Left at the next passage. Right after that. Straight through the next. Then they emerged into a round chamber thirty or forty feet in diameter. At the center of this chamber was a ramp-way that curled like a ribbon up past the ceiling and down well below the floor.

The Roof-runner paused to make sure they were all following, then off they ran, up the ramp-way.

The ramp-way made about a dozen spirals before it terminated in a domed enclosure that might once have been some sort of protected garden. Dead leaves and dried-out stalks were all that was left of whatever once flourished in this place. The still air reeked of stale beer.

Six paths led away from the ramp-way. Each one was bordered by trellises and arches of dead plants. The floor was ankle-deep or deeper in spots with dried plant-matter.

"Can you get us out of here now?" Asked the Roof-runner.

Bujilli closed his eyes to consult with his Counsel. It was sluggish in responding. There was resistance to his inquiry, as if the very walls emanated some sort of stifling effect, only it wasn't like the sort of thing he had experienced elsewhere. It felt like his brain was packed in aspic, but he was able to access the Synchronocitor still floating along at his side slightly out of phase while it recharged. They had seven hours left to go before he could attempt to activate the device once again.

"Not yet. It'll be seven hours before I can try it."

"Then we'd best keep moving." The Roof-runner held out their right hand, palm outward and turned to face one after another of the paths available to them. They chose the third one for whatever reason and headed off in that direction. Everyone followed. The Ignoble seemed about to try something, but Hedrard dissuaded them with a good poke.

The third path split to encircle a pool filled with rusted chains and manacles. They kept going.

A set of stairs led down three flights to a large hallway. They were half-way down the stairs when the tribe of degenerates who had been trailing the Roof-runner caught-up with them...

What should Bujilli and company do next?

You Decide!

Now What?
It's time to roll for Initiative: Roll 1d6 for (1) Bujilli, (2) Leeja, (3) Hedrard, (4) The Roof-Runner, (5) The Ignoble, (6) The Degenerates.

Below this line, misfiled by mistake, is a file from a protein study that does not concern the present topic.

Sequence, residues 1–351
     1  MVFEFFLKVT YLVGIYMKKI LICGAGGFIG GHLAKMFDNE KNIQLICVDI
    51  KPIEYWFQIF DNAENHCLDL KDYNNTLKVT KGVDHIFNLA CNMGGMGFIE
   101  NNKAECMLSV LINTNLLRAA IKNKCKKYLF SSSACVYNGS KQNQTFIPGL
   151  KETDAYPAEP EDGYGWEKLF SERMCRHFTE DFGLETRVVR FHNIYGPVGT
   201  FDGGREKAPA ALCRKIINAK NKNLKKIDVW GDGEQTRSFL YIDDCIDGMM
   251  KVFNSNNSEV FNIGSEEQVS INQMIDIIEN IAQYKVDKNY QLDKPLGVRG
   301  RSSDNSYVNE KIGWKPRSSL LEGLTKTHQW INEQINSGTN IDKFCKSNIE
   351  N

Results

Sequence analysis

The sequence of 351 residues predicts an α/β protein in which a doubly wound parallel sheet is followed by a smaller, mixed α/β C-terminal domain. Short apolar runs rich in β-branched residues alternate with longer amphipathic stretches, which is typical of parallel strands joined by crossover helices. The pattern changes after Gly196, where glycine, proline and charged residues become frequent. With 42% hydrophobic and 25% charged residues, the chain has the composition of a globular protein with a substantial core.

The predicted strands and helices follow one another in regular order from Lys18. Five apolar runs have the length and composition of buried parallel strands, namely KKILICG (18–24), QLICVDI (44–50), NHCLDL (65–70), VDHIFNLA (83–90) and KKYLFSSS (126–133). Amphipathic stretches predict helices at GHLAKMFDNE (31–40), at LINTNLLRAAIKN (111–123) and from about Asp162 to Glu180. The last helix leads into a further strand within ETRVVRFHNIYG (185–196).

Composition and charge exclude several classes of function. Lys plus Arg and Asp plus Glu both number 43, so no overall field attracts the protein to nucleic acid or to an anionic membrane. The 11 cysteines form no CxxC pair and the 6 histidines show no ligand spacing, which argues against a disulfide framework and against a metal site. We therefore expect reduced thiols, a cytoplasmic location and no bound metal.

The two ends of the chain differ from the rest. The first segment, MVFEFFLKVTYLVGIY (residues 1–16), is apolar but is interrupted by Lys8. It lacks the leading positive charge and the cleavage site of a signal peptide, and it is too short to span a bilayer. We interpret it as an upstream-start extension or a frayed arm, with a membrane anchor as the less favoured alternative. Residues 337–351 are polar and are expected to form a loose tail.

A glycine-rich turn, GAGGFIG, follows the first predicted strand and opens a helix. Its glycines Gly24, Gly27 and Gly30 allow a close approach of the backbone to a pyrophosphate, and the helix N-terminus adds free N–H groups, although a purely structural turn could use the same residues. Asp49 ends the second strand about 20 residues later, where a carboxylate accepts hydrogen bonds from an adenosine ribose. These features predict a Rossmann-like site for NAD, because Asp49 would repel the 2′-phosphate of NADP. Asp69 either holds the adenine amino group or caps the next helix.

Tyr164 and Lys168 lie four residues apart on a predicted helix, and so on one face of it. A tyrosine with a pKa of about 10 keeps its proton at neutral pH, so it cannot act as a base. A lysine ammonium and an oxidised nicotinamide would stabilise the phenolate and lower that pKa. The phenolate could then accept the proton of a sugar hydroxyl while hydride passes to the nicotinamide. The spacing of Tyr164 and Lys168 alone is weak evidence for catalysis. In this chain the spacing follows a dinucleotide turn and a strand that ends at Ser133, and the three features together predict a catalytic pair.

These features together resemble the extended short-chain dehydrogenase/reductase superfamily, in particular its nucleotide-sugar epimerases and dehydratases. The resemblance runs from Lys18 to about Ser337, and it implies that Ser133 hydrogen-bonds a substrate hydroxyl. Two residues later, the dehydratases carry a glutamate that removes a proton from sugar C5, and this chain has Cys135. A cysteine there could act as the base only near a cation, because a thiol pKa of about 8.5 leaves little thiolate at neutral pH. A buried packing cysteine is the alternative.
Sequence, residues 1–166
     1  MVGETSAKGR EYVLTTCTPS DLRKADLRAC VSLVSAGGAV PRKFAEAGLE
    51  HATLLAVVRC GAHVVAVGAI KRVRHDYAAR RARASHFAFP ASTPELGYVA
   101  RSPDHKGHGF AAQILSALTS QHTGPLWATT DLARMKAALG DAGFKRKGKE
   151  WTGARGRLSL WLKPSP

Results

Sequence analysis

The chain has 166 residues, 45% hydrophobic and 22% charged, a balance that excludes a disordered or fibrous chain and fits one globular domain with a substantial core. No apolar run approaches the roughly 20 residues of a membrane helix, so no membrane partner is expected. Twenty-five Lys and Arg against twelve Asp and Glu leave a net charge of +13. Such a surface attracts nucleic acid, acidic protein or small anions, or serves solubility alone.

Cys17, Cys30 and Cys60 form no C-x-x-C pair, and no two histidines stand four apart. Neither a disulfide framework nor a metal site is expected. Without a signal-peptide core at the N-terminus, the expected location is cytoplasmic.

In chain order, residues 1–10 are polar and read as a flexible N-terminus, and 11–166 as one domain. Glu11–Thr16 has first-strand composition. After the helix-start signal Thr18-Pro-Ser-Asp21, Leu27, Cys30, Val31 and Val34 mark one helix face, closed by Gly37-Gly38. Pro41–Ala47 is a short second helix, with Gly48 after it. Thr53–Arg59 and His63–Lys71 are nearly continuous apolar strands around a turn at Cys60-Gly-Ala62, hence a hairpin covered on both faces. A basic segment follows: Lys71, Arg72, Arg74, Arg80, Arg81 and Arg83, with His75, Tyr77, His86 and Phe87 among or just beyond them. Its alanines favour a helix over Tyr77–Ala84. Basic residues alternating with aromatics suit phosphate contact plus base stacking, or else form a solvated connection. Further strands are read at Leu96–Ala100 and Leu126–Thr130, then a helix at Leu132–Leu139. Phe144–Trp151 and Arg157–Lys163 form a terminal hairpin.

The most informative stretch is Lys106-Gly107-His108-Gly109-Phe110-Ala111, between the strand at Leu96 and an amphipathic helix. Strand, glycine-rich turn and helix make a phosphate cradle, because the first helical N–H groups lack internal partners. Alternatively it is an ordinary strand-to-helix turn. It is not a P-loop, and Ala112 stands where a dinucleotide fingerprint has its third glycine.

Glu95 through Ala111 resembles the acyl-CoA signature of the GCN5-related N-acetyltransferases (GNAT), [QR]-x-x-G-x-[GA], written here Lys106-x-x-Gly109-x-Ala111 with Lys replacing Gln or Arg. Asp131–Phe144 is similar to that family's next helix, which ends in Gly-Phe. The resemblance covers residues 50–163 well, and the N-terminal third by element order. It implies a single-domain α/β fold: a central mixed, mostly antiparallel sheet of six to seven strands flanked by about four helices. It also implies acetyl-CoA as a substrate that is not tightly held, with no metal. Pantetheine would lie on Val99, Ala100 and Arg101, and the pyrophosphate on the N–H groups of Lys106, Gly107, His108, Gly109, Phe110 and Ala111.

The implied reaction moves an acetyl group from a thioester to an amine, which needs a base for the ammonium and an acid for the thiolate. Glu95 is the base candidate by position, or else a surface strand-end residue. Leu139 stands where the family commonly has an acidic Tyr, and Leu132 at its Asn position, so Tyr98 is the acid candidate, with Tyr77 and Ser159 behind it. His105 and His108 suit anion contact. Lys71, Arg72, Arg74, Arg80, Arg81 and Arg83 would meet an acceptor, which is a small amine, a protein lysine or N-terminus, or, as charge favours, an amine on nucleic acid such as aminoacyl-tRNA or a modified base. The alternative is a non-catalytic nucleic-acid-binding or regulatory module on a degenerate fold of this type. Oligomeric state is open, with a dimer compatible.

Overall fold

We need 3d6 rolled to determine how many tribal Degenerates we're dealing with...

Five or six D20 rolls would be appreciated so I can deal with any shots fired, javelins lobbed, etc.

We could also use another Morale check for both the Ignoble and the Eloi prisoners, (as per P. 56) by rolling 2d6 for each of them. The Eloi has base Morale of 8 and the Ignoble has a base Morale of 10. Remember--Bujilli receives no bonus/penalty from his Charisma, however Leeja does gain a -1 modifier that can be applied--lower scores are best in this situation. One or both of them might panic. If they are attacked by Varn-Spiders, they both receive a +2 modifier to their Morale Check, since they know far too well just what those horrid things will do to them, and what very likely follows close after them.

The combat between the Varn-Spiders and Lemuel was played-out using the previous die rolls and we'll find out how it was resolved, and whether or not Lemuel escaped next week.

As always, if you have any questions or want to vote for a particular direction to take or specific thing to do next please let us know in the comments, or via email.

What happens next is up to you, the readers.

You Decide!

Previous        [Lemuel]         Next

Series Indexes
One | Two | Three | Four | Five | Six

About Bujilli (What is This?) | Who is Bujilli? | How to Play

Bujilli's Spells | Little Brown Journals | Loot Tally | House Rules

Episode Guides
Series One (Episodes 1-19)
Series Two (Episode 20-36)
Series Three (Episodes 37-49)
Series Four (Episodes 50-68)
Series Five (Episodes 69-99)
Series Six(Episodes 100-ongoing)

Labyrinth Lord   |   Advanced Edition Companion

Wednesday, October 15, 2014

Which Way To Go?

At the conclusion of Episode 105, Bujilli and his party must decide whether to seek out a way upwards back toward the rooftops of the Central Tower of the Gormenstille where it might be possible to use the synchronocitor to escape from this place (which remains to be seen), or find a way down into the lower levels of this place where there are several abandoned or neglected archives they might go poking about in...

Standing fast and trying to defend themselves from a swarm of Ten Varn-Spiders coming towards them from the direction of a passage leading to a vampire enclave is also an option, but no one is particularly enthusiastic about that and there is a chance that the Varn-Spiders might be hunting-beasts in the service of the vampires...

You Decide!